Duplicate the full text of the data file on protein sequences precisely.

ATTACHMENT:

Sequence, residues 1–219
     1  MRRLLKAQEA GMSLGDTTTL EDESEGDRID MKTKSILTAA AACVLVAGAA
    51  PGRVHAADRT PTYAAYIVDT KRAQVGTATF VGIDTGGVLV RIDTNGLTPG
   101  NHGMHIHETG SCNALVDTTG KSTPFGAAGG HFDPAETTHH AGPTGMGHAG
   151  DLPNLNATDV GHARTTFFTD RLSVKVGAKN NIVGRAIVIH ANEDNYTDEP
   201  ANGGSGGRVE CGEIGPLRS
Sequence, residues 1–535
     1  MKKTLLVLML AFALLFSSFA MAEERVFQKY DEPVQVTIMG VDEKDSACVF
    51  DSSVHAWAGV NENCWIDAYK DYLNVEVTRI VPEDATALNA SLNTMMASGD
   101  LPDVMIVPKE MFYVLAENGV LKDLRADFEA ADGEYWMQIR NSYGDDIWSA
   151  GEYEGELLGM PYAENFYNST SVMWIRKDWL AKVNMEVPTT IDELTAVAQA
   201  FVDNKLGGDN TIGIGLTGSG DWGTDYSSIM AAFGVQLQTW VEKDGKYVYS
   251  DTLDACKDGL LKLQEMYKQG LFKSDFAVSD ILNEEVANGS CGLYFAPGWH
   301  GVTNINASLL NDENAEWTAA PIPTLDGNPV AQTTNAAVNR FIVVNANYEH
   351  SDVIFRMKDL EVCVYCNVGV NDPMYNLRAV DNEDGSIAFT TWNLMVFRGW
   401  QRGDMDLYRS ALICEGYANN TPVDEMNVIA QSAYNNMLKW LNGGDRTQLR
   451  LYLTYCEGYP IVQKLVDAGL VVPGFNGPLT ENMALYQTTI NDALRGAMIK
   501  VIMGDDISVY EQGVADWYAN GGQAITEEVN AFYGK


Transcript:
Sequence, residues 1–219
     1  MRRLLKAQEA GMSLGDTTTL EDESEGDRID MKTKSILTAA AACVLVAGAA
    51  PGRVHAADRT PTYAAYIVDT KRAQVGTATF VGIDTGGVLV RIDTNGLTPG
   101  NHGMHIHETG SCNALVDTTG KSTPFGAAGG HFDPAETTHH AGPTGMGHAG
   151  DLPNLNATDV GHARTTFFTD RLSVKVGAKN NIVGRAIVIH ANEDNYTDEP
   201  ANGGSGGRVE CGEIGPLRS
Sequence, residues 1–535
     1  MKKTLLVLML AFALLFSSFA MAEERVFQKY DEPVQVTIMG VDEKDSACVF
    51  DSSVHAWAGV NENCWIDAYK DYLNVEVTRI VPEDATALNA SLNTMMASGD
   101  LPDVMIVPKE MFYVLAENGV LKDLRADFEA ADGEYWMQIR NSYGDDIWSA
   151  GEYEGELLGM PYAENFYNST SVMWIRKDWL AKVNMEVPTT IDELTAVAQA
   201  FVDNKLGGDN TIGIGLTGSG DWGTDYSSIM AAFGVQLQTW VEKDGKYVYS
   251  DTLDACKDGL LKLQEMYKQG LFKSDFAVSD ILNEEVANGS CGLYFAPGWH
   301  GVTNINASLL NDENAEWTAA PIPTLDGNPV AQTTNAAVNR FIVVNANYEH
   351  SDVIFRMKDL EVCVYCNVGV NDPMYNLRAV DNEDGSIAFT TWNLMVFRGW
   401  QRGDMDLYRS ALICEGYANN TPVDEMNVIA QSAYNNMLKW LNGGDRTQLR
   451  LYLTYCEGYP IVQKLVDAGL VVPGFNGPLT ENMALYQTTI NDALRGAMIK
   501  VIMGDDISVY EQGVADWYAN GGQAITEEVN AFYGK